Wilkerson Free After 29 Years in Solitary
Published on Friday, May 4, 2001
Wilkerson Free After 29 Years in Solitary
by Seth Sandronsky
 
Twenty-nine years. That’s how long Robert King Wilkerson was held in solitary confinement for a crime he did not commit.

Wilkerson, 58, was freed Feb. 8. He was one of the Angola Three, African-American men accused, convicted and imprisoned in Louisiana.

The other two members of the Angola Three—Herman Wallace and Albert Woodfox—remain in solitary confinement at the Louisiana State Penitentiary at Angola, an 18,000-acre former plantation named for where the enslaved people had lived in Africa.

In 1970, Wilkerson received a sentence of 35 years for armed robbery. He had refused the prosecution’s offer of 15 years and went to trial instead.

“I was innocent,” Wilkerson said. “But I have no beef with the jurors who convicted me thinking that they were doing a good thing.”

Then, President Nixon was in the White House. He was striving to politically secure the South by criminalizing white youth and nonwhite people generally, many of whom participated in Civil Rights and Vietnam War protests.

In the meantime, the Black Panther Party attracted Wilkerson. The Panthers spoke to his conditions and those of other poor and oppressed people living under a system that robs the many of their common humanity.

Wilkerson fled custody. He was captured and given another eight years of prison time, but with no regrets.

“A slave has a right to escape,” he said.

Subsequently held in the Orleans Parish Prison, Wilkerson and the other prisoners there endured severe overcrowding, inferior food and no medical care. They rebelled against these brutal and brutalizing conditions.

In Nov. 1971, the prison administration removed the leaders of the uprising, including Wilkerson. He was subsequently classified into solitary confinement.

In April 1972, Wilkerson entered the Louisiana State Penitentiary at Angola. For the next 29 years, he spent 23 hours a day in a tiny cell there.

Which is where Wilkerson, during his prolonged confinement, studied the past and current conditions of subjugation lived by Africans in America. The Panthers emphasized such self-education as a tool of liberation, he said.

In 1973, Wilkerson was convicted of murdering another prisoner at Angola. The prosecution’s sole evidence was the testimony of two prisoners.

Wilkerson and his co-defendant Grady Brewer were shackled with their mouths duct-taped shut during the trial.

Moreover, no cross examination of the prosecution’s two main witnesses was allowed, and no forensic evidence linking Wilkerson to the murder was found at the crime scene, he added. If the testimony of the prison guard on duty at the time of the murder would have been allowed, Wilkerson said that he would have been found innocent.

But that was not to be. Wilkerson was found guilty and given a life sentence without the possibility of parole.

Significantly, Brewer confessed that he murdered the prison guard alone in a 1975 retrial. Yet Wilkerson was again given a life without parole sentence.

Undaunted, Wilkerson kept filing legal petitions in appeals courts. Eventually, he was able to get an affidavit from both prisoners that they had given false testimony against him.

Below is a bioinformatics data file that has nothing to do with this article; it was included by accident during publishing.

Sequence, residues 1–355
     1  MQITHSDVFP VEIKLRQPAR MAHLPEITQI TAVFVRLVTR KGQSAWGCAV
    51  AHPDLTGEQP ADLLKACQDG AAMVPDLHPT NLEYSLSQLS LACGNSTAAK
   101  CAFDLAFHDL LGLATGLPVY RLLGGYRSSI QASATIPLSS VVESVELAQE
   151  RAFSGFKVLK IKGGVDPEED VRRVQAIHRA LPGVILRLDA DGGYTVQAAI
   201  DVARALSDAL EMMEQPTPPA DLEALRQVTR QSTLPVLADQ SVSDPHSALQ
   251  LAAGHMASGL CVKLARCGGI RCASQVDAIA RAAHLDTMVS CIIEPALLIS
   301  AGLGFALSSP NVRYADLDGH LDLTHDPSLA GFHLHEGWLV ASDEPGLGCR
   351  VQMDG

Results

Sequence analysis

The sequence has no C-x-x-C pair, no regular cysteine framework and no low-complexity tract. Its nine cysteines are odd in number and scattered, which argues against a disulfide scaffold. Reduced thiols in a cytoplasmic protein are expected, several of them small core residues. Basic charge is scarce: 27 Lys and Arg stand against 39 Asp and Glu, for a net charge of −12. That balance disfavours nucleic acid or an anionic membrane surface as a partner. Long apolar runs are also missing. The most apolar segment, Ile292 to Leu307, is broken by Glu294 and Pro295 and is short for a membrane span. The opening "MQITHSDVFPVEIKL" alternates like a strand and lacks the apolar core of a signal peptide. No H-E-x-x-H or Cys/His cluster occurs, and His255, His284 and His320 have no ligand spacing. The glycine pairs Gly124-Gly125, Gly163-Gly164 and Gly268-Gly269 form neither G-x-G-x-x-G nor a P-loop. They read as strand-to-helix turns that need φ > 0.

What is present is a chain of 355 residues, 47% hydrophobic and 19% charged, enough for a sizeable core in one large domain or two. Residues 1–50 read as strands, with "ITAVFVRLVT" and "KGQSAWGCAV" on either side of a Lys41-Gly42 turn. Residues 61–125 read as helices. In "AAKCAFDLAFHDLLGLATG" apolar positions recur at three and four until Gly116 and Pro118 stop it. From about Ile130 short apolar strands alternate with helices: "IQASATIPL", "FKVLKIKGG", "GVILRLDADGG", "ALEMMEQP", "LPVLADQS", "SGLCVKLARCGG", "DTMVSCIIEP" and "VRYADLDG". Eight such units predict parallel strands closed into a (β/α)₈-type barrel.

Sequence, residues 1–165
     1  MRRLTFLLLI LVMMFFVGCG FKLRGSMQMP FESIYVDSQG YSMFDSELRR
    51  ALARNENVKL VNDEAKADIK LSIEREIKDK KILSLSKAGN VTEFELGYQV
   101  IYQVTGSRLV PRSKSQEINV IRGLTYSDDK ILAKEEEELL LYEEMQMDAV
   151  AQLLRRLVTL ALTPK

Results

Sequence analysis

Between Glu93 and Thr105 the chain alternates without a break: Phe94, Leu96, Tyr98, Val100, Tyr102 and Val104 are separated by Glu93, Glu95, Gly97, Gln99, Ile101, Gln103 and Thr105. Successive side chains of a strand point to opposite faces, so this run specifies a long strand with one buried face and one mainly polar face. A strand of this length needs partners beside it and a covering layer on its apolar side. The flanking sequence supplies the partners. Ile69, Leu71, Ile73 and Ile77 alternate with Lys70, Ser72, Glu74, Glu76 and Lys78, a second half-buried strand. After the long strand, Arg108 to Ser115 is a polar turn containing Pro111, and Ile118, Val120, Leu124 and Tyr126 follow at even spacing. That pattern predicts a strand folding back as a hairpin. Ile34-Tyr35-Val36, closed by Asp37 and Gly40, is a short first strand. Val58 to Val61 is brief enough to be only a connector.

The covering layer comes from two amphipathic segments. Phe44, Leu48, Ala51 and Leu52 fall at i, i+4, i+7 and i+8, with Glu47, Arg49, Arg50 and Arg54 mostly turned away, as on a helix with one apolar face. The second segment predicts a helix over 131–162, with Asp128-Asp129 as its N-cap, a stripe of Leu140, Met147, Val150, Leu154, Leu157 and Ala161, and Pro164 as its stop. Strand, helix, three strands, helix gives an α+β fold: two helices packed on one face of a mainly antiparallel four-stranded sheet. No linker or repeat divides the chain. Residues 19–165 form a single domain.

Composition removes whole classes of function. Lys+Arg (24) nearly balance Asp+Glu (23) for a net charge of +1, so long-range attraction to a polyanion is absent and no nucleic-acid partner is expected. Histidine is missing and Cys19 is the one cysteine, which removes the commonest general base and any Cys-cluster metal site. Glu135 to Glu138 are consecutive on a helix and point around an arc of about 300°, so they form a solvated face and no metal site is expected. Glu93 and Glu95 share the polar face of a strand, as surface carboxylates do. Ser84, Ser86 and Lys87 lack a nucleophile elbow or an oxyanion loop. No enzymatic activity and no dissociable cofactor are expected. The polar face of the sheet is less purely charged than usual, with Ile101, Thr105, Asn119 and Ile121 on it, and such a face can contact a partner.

In time, Wilkerson was granted an evidentiary hearing by the U.S. Court of Appeals following the retraction of the witnesses’ testimony. Why did they lie? They were coerced by the Angola authorities.

The state wished to avoid an evidentiary hearing, and Wilkerson’s case was remanded back to a district court, where he was released after accepting a plea bargain. His release from prison was given a big boost by prison activists, his family and friends and his legal team, including attorney Scott Fleming.

One out but two in.

Wallace and Woodfox are still languishing in solitary at Angola. In 1972, they were convicted of murdering a prison guard there.

The prosecution’s case against the two of the Angola Three lacked any physical evidence connecting them to the crime, Wilkerson said. As in his case, the trials of Wallace and Woodfox saw such exculpatory evidence suppressed.

The three men believe that the prison authorities framed them for crimes for which they were innocent as a result of their forming the Angola chapter of the Black Panther Party. The Panthers were targeted by the FBI’s COINTELPRO program that sought to neuter radical movements by any means necessary.

“America does have political prisoners,” Wilkerson said.

The men had organized to improve conditions at Angola by abolishing prisoner rape, bettering race relations and improving prisoners’ living standards generally.

Last March, the ACLU filed a federal civil rights lawsuit on the Angola Three’s behalf, alleging that the men’s nearly 30 years of solitary confinement is in violation of the U.S. Constitution’s Eighth Amendment that prohibits such cruel and unusual punishment.

Oppression of prisoners is the rule at Angola, Wilkerson said. Take for example the 80 percent of the prison population that works for a wage of four cents per hour.

Angola the prison emerged from Angola the plantation after the Civil War. Theft of African Americans’ labor is the tie that binds both institutions.

“Angola is a slave ship that doesn’t sink,” performance artist Keith Antar Mason said.

But the prison did not sink Wilkerson’s spirit. He is now traveling around America speaking with people about his decades-long struggle in solidarity with Wallace and Woodfork from solitary confinement.

“I may be free of Angola but Angola will never be free of me,” Wilkerson said.

Seth Sandronsky <ssandron@hotmail.com>, is an editor with Because People Matter, Sacramento’s progressive newspaper.

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